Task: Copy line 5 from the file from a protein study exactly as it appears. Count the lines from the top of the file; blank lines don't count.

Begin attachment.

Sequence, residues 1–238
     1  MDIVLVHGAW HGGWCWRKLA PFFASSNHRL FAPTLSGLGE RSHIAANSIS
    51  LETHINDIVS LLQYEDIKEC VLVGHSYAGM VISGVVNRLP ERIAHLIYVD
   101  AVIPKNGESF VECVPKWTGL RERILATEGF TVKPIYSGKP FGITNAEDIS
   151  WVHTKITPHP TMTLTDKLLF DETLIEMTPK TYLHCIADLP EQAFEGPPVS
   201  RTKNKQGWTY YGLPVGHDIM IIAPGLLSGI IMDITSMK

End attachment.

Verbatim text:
   151  WVHTKITPHP TMTLTDKLLF DETLIEMTPK TYLHCIADLP EQAFEGPPVS